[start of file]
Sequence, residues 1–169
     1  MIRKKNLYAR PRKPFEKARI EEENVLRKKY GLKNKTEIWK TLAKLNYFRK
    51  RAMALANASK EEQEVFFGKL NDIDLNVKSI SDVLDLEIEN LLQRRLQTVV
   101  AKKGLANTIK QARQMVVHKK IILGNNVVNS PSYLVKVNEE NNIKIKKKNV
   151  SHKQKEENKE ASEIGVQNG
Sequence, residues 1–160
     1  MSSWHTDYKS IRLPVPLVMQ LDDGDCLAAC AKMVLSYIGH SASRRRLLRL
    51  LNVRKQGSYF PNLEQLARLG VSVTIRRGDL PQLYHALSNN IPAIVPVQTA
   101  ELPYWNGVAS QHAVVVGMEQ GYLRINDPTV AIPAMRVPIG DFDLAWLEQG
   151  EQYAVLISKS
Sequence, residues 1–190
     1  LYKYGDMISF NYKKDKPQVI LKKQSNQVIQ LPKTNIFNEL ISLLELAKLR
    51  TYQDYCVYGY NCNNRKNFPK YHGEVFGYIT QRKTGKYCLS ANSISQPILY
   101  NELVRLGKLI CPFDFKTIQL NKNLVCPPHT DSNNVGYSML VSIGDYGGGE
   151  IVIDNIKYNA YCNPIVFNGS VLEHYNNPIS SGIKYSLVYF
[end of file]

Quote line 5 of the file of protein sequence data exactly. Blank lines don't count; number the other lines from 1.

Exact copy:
   151  SHKQKEENKE ASEIGVQNG